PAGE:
People Who Use Drugs or Have Substance Use Disorder | COVID-19

Disruption in treatment for patients who use drugs or with substance use disorder can be very stressful. These disruptions can include loss of in-person treatment options for substance use disorder (e.g., clinic appointments for getting medication for opioid use disorder and access to other support services), which can lead to increased use or return to drug use for people not currently using.

Consider offering virtual face-to-face interaction via technologies to provide more personalized support. Disruptions can also occur in patients who use syringe services programs, which may limit access to clean syringes, safe disposal of used syringes, testing for infectious diseases, access to naloxone, and referral to care for treatment of substance use disorder and infectious diseases.

Patients may also experience a disruption in access to their typical illicit drug supply which can lead to withdrawal and emotional distress. If they get contaminated drug products, they may be at increased risk of overdose or other adverse reactions.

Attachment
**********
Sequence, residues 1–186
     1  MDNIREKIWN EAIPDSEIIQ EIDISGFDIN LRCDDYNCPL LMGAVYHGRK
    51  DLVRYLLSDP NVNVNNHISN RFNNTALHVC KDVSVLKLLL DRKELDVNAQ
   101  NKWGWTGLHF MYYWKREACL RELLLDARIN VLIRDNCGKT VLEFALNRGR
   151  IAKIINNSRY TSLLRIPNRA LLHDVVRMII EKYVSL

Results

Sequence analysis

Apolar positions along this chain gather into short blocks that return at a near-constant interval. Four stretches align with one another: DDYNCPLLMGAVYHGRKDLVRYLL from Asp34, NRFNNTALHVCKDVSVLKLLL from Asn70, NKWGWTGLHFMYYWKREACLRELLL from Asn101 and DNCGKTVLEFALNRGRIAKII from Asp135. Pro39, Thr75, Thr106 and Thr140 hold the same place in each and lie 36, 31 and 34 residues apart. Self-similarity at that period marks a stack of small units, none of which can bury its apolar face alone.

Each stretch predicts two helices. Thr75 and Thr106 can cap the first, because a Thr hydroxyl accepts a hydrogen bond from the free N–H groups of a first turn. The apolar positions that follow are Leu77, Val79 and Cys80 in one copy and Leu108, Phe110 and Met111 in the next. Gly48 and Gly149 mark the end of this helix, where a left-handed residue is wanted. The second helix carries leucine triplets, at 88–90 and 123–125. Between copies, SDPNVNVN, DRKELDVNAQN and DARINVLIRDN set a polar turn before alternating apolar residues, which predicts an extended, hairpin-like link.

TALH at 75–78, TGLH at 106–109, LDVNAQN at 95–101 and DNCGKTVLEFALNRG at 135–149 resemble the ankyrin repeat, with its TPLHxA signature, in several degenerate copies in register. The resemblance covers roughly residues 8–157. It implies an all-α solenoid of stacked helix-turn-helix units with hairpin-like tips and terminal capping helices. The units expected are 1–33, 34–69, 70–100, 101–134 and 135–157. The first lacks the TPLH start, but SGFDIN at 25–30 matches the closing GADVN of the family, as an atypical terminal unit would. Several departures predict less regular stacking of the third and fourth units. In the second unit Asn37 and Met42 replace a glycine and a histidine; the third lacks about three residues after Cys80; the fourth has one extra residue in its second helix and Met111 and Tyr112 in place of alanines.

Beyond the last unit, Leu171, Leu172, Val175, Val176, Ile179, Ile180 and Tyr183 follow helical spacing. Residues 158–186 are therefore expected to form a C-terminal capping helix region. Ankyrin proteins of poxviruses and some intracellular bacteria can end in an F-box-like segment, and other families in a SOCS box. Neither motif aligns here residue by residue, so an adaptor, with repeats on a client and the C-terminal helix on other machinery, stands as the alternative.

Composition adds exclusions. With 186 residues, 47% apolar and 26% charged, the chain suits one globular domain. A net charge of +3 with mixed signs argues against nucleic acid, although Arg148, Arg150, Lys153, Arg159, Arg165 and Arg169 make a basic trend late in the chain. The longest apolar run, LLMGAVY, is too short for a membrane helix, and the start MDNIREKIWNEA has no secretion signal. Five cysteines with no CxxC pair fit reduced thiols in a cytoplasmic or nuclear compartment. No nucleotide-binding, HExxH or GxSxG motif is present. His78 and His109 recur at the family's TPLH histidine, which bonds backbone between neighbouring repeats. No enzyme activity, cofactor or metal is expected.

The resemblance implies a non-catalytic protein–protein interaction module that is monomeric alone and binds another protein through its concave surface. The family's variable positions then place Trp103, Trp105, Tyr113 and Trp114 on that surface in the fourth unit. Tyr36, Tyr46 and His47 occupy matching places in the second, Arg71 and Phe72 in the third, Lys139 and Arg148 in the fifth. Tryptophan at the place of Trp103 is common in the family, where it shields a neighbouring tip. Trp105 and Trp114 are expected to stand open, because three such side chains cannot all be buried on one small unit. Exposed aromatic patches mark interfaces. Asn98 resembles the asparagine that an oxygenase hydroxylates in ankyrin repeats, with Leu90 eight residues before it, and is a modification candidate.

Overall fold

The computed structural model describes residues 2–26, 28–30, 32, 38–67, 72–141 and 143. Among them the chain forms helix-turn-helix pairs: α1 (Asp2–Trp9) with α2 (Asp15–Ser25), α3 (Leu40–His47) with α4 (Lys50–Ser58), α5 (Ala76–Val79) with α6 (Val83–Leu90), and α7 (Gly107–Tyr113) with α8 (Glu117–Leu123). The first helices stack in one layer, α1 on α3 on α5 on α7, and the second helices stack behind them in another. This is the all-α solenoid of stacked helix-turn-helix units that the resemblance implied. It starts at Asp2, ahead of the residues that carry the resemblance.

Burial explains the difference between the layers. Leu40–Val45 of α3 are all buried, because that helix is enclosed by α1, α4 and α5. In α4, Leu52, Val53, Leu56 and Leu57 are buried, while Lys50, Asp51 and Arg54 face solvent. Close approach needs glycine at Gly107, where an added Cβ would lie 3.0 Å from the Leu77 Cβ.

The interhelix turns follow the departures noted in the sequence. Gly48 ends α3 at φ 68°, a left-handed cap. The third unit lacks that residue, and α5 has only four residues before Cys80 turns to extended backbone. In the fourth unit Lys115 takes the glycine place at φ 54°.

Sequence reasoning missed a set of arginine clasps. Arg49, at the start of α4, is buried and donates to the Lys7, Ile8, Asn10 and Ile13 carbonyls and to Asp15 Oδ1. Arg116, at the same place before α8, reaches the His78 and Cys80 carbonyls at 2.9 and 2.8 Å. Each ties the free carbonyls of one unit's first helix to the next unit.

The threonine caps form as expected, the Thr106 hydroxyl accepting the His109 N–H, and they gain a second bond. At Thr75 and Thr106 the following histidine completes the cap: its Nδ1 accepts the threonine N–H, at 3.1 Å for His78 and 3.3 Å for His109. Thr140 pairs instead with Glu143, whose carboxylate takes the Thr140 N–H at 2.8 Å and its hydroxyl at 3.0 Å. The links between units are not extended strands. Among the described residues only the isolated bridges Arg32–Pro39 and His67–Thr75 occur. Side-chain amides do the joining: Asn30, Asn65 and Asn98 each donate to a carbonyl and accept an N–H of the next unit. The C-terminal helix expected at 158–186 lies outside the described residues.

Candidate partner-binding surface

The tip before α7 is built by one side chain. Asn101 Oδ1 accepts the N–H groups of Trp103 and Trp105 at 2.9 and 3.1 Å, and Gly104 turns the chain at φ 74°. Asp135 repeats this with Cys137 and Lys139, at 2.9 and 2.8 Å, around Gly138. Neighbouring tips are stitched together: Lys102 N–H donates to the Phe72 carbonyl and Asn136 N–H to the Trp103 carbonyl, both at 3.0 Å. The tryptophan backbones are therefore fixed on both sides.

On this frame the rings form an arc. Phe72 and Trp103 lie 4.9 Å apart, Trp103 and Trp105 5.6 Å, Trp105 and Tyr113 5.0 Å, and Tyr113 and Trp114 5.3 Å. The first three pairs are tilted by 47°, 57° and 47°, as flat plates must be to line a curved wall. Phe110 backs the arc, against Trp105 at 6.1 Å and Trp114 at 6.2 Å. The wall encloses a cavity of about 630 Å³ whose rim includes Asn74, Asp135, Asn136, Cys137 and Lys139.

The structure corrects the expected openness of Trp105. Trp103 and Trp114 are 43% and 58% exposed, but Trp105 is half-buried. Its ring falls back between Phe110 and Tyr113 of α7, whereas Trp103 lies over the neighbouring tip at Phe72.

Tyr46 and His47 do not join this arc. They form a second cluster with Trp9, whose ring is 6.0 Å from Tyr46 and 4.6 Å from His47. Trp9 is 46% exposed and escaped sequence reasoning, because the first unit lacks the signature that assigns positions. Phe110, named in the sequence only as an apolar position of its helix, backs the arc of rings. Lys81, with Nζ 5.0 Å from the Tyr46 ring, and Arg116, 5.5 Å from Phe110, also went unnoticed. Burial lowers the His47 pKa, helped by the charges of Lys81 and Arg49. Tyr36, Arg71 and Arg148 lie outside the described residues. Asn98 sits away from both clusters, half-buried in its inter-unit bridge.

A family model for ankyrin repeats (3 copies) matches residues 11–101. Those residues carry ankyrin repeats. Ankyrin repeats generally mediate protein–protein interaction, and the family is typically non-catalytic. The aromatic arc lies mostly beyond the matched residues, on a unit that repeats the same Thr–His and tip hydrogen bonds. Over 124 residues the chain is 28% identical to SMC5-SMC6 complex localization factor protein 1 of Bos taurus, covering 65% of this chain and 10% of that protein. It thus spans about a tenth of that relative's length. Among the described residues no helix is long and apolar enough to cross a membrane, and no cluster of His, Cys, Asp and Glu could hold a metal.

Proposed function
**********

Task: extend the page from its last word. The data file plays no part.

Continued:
If patients present with acute withdrawal, overdose, or other adverse reactions from drug use, take time to have a nonjudgmental conversation with them about their use, work with them to find alternative treatment strategies, and offer harm reduction strategies that align with their current needs. For example, your patient may not be ready to stop their drug use but may benefit from information about syringe service programs and prescription for naloxone.

If you have not done so already, healthcare providers with an active Drug Enforcement Agency (DEA) license are eligible to complete an approved trainingexternal icon and submit an application to SAMHSA for outpatient prescribing of buprenorphine for the treatment of opioid use disorder.

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